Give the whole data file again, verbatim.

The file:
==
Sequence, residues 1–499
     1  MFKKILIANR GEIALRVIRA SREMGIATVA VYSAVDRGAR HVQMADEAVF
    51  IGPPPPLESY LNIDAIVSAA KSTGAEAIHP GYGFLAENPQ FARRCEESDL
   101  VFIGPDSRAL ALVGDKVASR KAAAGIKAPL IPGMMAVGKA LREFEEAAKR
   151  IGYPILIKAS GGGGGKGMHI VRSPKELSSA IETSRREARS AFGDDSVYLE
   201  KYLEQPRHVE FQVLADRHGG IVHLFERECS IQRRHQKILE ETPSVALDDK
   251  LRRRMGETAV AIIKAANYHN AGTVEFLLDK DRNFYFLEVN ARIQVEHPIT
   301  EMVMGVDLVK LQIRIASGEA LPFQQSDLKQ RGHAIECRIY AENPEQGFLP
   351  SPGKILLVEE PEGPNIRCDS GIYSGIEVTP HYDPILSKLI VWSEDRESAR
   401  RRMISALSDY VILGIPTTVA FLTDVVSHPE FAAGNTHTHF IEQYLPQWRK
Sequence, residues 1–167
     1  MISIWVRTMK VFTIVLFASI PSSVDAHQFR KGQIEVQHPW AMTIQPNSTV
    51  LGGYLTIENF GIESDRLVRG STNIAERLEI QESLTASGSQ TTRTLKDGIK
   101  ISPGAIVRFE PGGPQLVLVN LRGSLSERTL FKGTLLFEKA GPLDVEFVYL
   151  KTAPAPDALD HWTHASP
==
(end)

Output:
Sequence, residues 1–499
     1  MFKKILIANR GEIALRVIRA SREMGIATVA VYSAVDRGAR HVQMADEAVF
    51  IGPPPPLESY LNIDAIVSAA KSTGAEAIHP GYGFLAENPQ FARRCEESDL
   101  VFIGPDSRAL ALVGDKVASR KAAAGIKAPL IPGMMAVGKA LREFEEAAKR
   151  IGYPILIKAS GGGGGKGMHI VRSPKELSSA IETSRREARS AFGDDSVYLE
   201  KYLEQPRHVE FQVLADRHGG IVHLFERECS IQRRHQKILE ETPSVALDDK
   251  LRRRMGETAV AIIKAANYHN AGTVEFLLDK DRNFYFLEVN ARIQVEHPIT
   301  EMVMGVDLVK LQIRIASGEA LPFQQSDLKQ RGHAIECRIY AENPEQGFLP
   351  SPGKILLVEE PEGPNIRCDS GIYSGIEVTP HYDPILSKLI VWSEDRESAR
   401  RRMISALSDY VILGIPTTVA FLTDVVSHPE FAAGNTHTHF IEQYLPQWRK
Sequence, residues 1–167
     1  MISIWVRTMK VFTIVLFASI PSSVDAHQFR KGQIEVQHPW AMTIQPNSTV
    51  LGGYLTIENF GIESDRLVRG STNIAERLEI QESLTASGSQ TTRTLKDGIK
   101  ISPGAIVRFE PGGPQLVLVN LRGSLSERTL FKGTLLFEKA GPLDVEFVYL
   151  KTAPAPDALD HWTHASP